The Distance Between the Stars (Kings Arms, Salford)

Solid writing, yet patchy direction leads to a promising piece, unfulfilled at times.

The Distance Between the Stars
The Distance Between the Stars

Elliot (David Bresnahan) is recovering from a nervous collapse. At the prompting of his sister Helen (Mary Hooton) he undertakes therapeutic activities including re-establishing contact with Daisy (Demi Jo Franks) who he met whilst hospitalised.

But Elliot’s hobby of listening for signals from space is resulting in him entering a fugue state in which he receives disconcerting messages.

The subject of mental illness presents challenges for producers who may prefer to avoid anything that could be seen as insensitive. There is some confusion as to the appropriate atmosphere for The Distance Between the Stars.

Writer Steve Timms takes a character-driven approach developing the relationship between Elliot and Daisy. The event that prompts the deterioration in Elliot’s condition is, however, frustrating unclear.

A chaotic display board dominates Hannah Rowe’s set and the tables and chairs are wrapped in newspaper as if to suggest there is no longer any room on the walls. This indicates that Elliot might have had a disturbed and obsessive mind all along although such a dark tone is largely absent from the play.

Director Anthony Bowers-Smith carefully steers a path between comedy and drama and this rather timid approach wastes the potential of parts of Steve Timms’s script. Convinced his missing wife has travelled into space Elliot emerges onto the stage in a homemade space suit. It is a scene that ought to provoke a strong audience reaction – either a bark of laughter or cry of concern- but instead we just sit there and wait for the play to progress.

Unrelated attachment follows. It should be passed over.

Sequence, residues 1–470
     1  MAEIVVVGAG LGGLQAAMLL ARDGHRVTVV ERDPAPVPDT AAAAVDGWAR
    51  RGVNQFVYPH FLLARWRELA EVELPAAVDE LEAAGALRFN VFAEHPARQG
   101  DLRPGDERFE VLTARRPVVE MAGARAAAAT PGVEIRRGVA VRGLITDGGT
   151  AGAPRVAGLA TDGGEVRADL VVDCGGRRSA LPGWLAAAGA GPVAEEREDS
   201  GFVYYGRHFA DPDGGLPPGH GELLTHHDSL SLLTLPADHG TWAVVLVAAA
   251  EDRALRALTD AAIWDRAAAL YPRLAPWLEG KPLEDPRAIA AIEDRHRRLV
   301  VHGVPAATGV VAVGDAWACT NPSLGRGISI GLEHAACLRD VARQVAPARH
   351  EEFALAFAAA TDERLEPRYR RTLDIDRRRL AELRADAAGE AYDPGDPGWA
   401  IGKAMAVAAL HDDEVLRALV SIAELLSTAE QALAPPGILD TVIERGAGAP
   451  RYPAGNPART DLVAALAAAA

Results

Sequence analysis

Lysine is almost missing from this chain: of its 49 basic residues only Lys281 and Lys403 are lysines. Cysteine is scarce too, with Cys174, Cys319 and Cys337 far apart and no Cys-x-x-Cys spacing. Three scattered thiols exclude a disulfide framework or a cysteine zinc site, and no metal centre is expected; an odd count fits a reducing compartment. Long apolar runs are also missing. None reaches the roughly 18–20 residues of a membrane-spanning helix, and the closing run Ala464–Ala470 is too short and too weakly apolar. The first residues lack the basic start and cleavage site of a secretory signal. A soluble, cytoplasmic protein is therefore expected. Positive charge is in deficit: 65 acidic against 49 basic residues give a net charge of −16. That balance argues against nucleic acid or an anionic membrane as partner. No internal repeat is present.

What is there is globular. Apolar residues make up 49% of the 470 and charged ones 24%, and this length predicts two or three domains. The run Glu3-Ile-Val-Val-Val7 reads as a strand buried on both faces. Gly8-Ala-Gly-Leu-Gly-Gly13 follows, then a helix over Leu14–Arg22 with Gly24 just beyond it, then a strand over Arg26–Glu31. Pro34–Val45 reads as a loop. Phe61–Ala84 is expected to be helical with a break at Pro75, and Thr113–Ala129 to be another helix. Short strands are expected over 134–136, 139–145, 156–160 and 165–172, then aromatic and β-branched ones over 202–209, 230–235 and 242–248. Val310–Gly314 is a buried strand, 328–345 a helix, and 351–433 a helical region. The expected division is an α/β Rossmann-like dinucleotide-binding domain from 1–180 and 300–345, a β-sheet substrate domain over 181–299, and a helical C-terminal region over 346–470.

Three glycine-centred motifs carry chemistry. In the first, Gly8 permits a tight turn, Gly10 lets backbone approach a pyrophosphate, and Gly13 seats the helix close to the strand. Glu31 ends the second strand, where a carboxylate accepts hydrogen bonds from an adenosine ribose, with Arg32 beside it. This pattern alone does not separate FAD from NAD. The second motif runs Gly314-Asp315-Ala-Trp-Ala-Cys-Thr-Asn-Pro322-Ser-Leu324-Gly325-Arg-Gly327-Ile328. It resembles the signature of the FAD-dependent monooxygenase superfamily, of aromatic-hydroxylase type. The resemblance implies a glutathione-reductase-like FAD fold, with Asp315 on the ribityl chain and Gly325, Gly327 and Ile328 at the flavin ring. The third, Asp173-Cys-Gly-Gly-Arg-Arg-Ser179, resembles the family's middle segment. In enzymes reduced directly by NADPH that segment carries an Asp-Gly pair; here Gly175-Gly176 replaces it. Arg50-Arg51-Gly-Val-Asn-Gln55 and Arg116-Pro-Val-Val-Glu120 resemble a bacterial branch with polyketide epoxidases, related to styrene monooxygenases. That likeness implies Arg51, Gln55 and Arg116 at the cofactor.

The leisurely pace of the play exposes flaws in the script that might otherwise have slipped by unnoticed. It is revealed that Helen works as a therapist. As she doesn’t notice the deterioration in her brother’s condition you wonder about her professional competence.

Bowers-Smith settles for a romantic tone with sweeping music dominating the final scene. It works largely because of a warm and very natural performance from Demi Jo Franks but you can’t help but wish a clearer direction had been determined earlier.

This is a solid but rather timid production that does not realise the potential of The Distance Between the Stars.

The production continues at the Kings Arms, Salford until 22 November.